Addressing important econometric issues on how to construct theoretical based exchange rate misalignment estimates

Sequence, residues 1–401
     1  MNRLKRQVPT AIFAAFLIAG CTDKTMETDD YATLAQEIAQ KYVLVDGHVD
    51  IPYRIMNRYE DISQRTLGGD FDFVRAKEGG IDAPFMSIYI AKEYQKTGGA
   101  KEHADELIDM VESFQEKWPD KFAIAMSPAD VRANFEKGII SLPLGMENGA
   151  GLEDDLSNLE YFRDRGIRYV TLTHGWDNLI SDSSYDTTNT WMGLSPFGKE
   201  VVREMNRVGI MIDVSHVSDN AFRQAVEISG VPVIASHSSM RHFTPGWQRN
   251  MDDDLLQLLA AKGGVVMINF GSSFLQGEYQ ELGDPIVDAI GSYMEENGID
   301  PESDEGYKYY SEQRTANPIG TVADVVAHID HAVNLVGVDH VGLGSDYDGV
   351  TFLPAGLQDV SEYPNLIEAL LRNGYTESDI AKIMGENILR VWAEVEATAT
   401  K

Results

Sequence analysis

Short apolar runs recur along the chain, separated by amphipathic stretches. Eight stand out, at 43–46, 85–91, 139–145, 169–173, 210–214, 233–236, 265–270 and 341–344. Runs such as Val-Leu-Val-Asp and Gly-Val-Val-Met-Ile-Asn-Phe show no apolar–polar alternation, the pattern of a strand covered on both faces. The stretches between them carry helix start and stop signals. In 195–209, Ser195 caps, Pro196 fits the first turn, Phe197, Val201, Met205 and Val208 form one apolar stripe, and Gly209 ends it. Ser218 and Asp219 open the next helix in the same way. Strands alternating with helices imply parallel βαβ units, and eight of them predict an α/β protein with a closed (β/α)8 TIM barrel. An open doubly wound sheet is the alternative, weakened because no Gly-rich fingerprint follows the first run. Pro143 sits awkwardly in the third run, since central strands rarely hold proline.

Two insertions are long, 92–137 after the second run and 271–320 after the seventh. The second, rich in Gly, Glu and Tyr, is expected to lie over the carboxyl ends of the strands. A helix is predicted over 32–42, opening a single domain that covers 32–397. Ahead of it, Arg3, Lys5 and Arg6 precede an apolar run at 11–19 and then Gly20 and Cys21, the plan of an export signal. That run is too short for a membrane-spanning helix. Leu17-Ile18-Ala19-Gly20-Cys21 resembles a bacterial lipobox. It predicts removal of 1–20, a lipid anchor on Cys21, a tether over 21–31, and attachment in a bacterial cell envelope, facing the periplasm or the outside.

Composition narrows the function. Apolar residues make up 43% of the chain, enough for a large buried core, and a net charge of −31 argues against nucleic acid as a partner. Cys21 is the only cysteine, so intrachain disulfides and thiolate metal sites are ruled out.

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Exchange rate misalignment assessment is becoming more relevant in recent period particularly after the nancial crisis of 2008. There are di erent methodologies to address real exchange rate misalignment. The real exchange misalignment is de ned as the di erence between actual real e ective exchange rate and some equilibrium norm. Di erent norms are available in the literature. Our paper aims to contribute to the literature by showing that Behavioral Equilibrium Exchange Rate approach (BEER) adopted by Clark & MacDonald (1999), Ubide et al. (1999), Faruqee (1994), Aguirre & Calderón (2005) and Kubota (2009) among others can be improved in two following manners. The rst one consists of jointly modeling real e ective exchange rate, trade balance and net foreign asset position. The second one has to do with the possibility of explicitly testing over identifying restrictions implied by economic theory and allowing the analyst to show that these restrictions are not falsi ed by the empirical evidence. If the economic based identifying restrictions are not rejected it is also possible to decompose exchange rate misalignment in two pieces, one related to long run fundamentals of exchange rate and the other related to external account imbalances. We also discuss some necessary conditions that should be satis ed for disrcarding trade balance information without compromising exchange rate misalignment assessment. A statistical (but not a theoretical) identifying strategy for calculating exchange rate misalignment is also discussed. We illustrate the advantages of our approach by analyzing the Brazilian case. We show that the traditional approach disregard important information of external accounts equilibrium for this economy.